Heartburn or GERD can Kill

Heartburn is a common annoyance. The busy lifestyle, quick meals, fatty or spicy foods all contribute to the occasional need of a chewable pain reliever. The acceptance of heartburn as an inconvenient, but natural, part of the daily grind can blind you to the warning that a severe heartburn symptom can bring.

Heartburn as a Disorder

Heartburn can be a symptom as well as a disorder. Simple heartburn or GERD can be controlled and dealt with. However, heartburn can signal the presence of a much more serious problem. If it’s heartburn, you will have a burning sensation in the chest usually after eating. There may be a spread of the burning to the throat, sometimes accompanied by a bad taste, difficulty in swallowing, belching, coughing, hoarseness and/or wheezing.

It can become worse by lying down or bending over or by eating. Relief can come from an antacid. While the more severe heartburn symptoms may be mistaken for a heart attack, simple heartburn is usually not made worse by exercise. If there is any concern that the pain may signal a heart attack, get help quickly.

Friday, August 7, 2009

Treatment Options for Carpal Tunnel Syndrome

By Tom Nicholson

If you are suffering from carpal tunnel syndrome, you are most likely looking forward to getting treatment and being normal again. The tingling, numbness and pain associated with this problem can range from mildly annoying to extremely painful.

Because carpal tunnel syndrome can be related to other conditions, your doctor will likely run tests for conditions like low thyroid function, arthritis, and certain other problems. If you are diagnosed with one of these problems, you'll need to receive immediate treatment.

If you are suffering from inflammation of the tissues surrounding the affected area of your wrist, your doctor is likely to prescribe NSAIDS or other drugs to reduce the swelling. Sometimes this is sufficient to relieve your symptoms, since the nerve compression will not be as severe as the swelling goes down.

Your doctor will make a thorough examination to get to the root cause of your carpal tunnel syndrome symptoms. You can discuss with your doctor the activities you regularly perform in order to come up with a plan in case you need to make adjustments to your daily routine to let your wrist heal. You'll also learn prevention strategies to keep the problem from flaring up in the future.

It's important to treat the condition to avoid permanent nerve damage. If you have experienced a loss of muscle strength in your hand, you will be given an exercise regimen to help rebuild strength after you have gotten relief from your symptoms.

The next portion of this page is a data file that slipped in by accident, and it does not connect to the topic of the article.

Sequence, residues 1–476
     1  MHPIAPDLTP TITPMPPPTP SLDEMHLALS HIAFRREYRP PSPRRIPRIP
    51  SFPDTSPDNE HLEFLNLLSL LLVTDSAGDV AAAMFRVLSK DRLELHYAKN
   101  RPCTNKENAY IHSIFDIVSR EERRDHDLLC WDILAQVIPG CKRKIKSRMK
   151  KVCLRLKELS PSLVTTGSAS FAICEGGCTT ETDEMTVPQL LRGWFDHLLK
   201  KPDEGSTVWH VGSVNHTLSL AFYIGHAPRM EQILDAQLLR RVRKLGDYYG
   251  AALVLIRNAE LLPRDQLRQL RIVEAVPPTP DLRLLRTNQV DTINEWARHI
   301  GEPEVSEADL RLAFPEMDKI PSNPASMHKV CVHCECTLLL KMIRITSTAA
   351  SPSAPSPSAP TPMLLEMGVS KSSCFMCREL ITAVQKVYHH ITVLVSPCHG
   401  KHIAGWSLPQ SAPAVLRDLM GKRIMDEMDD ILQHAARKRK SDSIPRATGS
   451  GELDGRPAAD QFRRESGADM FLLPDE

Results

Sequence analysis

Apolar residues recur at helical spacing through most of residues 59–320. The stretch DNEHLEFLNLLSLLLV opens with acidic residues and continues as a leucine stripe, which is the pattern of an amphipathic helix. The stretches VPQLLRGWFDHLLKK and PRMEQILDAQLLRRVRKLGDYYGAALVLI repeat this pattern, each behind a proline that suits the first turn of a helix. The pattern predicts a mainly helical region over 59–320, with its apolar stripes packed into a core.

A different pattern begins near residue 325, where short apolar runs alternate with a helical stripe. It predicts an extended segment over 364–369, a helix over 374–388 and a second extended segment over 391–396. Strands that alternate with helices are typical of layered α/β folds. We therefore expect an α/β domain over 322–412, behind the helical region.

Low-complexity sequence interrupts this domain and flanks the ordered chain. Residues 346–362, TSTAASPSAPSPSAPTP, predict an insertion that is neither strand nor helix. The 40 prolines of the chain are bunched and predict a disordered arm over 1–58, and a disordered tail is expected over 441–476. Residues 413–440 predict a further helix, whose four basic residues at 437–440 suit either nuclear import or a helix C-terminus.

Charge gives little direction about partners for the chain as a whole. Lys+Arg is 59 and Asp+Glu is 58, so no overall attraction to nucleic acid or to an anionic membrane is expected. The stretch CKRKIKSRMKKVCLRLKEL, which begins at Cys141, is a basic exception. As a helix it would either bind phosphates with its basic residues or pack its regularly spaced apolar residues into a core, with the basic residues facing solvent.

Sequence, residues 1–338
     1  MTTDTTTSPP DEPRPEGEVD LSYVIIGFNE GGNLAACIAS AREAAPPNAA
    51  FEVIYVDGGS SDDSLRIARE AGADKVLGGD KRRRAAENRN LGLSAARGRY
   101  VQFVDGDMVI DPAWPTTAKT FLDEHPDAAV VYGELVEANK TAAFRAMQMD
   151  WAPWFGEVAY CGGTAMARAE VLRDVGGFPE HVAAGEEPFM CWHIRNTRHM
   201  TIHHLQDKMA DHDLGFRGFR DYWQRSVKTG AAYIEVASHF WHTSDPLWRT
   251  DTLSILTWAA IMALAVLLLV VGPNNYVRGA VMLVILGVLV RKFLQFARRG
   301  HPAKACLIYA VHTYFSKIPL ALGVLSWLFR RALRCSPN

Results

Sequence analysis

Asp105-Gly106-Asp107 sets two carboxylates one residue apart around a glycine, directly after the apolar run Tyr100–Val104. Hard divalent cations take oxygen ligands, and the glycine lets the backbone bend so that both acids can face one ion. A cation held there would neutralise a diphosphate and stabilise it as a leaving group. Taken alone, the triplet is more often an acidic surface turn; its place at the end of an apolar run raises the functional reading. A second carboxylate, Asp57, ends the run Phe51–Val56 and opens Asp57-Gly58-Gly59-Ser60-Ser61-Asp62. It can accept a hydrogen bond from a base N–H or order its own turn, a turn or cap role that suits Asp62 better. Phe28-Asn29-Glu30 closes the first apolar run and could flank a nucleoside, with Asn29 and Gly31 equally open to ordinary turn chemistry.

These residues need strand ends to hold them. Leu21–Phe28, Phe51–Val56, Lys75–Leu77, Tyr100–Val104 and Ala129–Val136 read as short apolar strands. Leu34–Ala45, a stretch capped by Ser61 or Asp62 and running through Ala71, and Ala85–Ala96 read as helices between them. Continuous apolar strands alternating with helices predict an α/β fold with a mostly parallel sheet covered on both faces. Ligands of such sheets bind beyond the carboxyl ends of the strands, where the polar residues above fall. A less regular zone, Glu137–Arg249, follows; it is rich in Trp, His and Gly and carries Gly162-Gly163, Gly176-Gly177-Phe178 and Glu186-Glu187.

Some people only need to wear their brace at night, while others also find relief if they wear it during the day as well. Some people will receive injections of corticosteroids to relieve pain and swelling. While they can be very good for pain relief, if you have diabetes, you should be cautious not to have too many.

Corticosteroids can interfere with your insulin levels. You will be told to avoid some tasks that may be causing symptoms, or at least to take frequent breaks to let your wrists get some rest. After several weeks of this, you may be re-evaluated to see if you are getting any relief from the symptoms.

After you've been on your treatment routine for several weeks, your doctor may want to follow up with you to check on the progress of your symptoms. If you notice that your painful symptoms are diminishing, chances are you'll continue with the same treatment regimen. If you are getting worse, you may be referred for further testing; your doctor may want to discuss the possibility of surgery to correct the problem.

The surgical approach to this condition is called carpal tunnel release surgery. It works by cutting the ligament that makes up the top of the canal through which your median nerve runs. This relieves the pressure on the nerve to alleviate your symptoms. The surgery has a high success rate in relieving the pain, but if you have experienced permanent nerve damage, you may have some residual pain or numbness. You'll need to rest your wrist completely for several weeks after the surgery.

You may also want to see about physical therapy to treat the problem.

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